Some parents pamper their children by giving them everything they can. But a survey at certain school revealed that not a single straight ‘A’ student owned a car, while 83 percent of those who failed did.

Surely the parents providing the cars thought it was a kindness to the child, but it was not so from an educational standpoint.

However, at the breakfast table if your child accidentally knocks over the milk, do you think he likes to be told crossly that he or she is clumsy? Try kindness.

Treat others as you like to be treated, as this is the real essence of kindness.


If you like to have kindness shown to you, try making a practice of showing kindness to others. The little thought and effort it takes bring much happiness.

A gentle, friendly and merciful attitude is associated with kindness, and it is certainly much better to show kindness in the first place than to try to patch up unhappiness.

So if you find in your family a tendency toward friction or lack of love, even harsh, rude talk, try cultivating the spirit of kindness.

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Why not to limit cooperation to your terms?

Office workers team takes a photo.

It is natural for humans to love liberty. But it is not wise to act too independently.

There must be a ‘give and take,’ for we need one another. The very circumstances of life call for cooperation on the part of all of us.

Illustrating the need for cooperation is the item that appeared in the New York Times captioned, “Swiss Deport U.S. Citizen in Dispute over His Home.”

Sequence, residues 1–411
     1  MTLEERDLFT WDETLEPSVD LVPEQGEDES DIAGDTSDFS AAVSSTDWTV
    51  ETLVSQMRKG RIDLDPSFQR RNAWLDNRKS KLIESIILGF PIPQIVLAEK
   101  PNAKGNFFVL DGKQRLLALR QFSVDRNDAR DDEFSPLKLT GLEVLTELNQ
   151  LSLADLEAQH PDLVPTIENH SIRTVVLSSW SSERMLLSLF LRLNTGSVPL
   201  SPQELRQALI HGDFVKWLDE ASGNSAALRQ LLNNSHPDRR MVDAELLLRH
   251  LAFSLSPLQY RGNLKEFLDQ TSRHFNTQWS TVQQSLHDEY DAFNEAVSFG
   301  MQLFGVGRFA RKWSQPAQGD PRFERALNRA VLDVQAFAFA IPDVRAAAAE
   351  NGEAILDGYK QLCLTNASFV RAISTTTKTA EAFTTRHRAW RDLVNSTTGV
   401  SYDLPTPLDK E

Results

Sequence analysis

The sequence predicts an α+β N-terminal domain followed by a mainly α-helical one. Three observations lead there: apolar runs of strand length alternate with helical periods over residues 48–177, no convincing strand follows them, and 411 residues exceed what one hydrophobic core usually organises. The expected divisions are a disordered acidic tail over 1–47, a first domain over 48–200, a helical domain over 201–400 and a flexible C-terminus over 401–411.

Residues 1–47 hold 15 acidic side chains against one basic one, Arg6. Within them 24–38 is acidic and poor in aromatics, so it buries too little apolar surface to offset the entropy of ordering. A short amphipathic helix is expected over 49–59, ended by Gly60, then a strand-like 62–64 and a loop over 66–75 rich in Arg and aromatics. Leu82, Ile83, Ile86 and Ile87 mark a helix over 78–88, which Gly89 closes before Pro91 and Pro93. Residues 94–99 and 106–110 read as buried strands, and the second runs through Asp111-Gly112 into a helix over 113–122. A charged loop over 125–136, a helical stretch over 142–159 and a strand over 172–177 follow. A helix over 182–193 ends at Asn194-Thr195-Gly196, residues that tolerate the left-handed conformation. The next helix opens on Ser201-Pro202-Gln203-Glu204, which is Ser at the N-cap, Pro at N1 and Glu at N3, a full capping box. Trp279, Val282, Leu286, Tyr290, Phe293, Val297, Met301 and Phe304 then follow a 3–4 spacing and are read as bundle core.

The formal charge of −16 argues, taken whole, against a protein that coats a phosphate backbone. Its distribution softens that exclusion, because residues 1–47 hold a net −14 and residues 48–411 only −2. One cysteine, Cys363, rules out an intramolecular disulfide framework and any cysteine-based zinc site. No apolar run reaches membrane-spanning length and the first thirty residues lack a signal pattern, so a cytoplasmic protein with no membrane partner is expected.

He was deported because of getting involved in many disputes with the local authorities over petty things, such as insisting on building his home nine inches higher than the law permitted.

The government held that he was a troublemaker, who either was unable or unwilling to adapt himself to local ways.

How foolish to make issues over trifles, making trouble for oneself and others! What caused him to act this way? Too much of an independent attitude.

Obviously he lacked empathy; he was unable to put himself in the shoes of his Swiss hosts.

He wanted everything his own way, and so was deported because he could not fit in, refusing to cooperate with the local authorities.

It is an extreme case, which highlights a common human failing. We cannot escape it.

Cooperation is the course of wisdom.

In fact, the animals might be said to teach us the wisdom of this course—although it is no credit to them, as they act from instinct and not from choice.

Thus a noted biologist, William A. Wheeler, in his book Philosophical Biology points out that there is something fundamentally social in all living things, and that;

this must be a characteristic of all life, since every organism is at least temporarily associated with other organisms.”

He writes that this is true even “of such supposedly unsocial creatures as lions, eagles, sharks, tiger beetles and spiders. There are, in fact, no truly solitary organisms.”

According to one of America’s leading anthropologists, Ashley-Montague, among lower animals cooperation is far more pronounced and important than competition for survival.

While lower animals cooperate instinctively, it is human’s glory that they can cooperate volitionally, out of choice.

Cooperation has been defined as ‘the act of working with another or others to a common end.’

Implicit in cooperation, then, is a goal worth seeking to attain, and it requires that we be willing to yield or “give” for the sake of realizing that goal.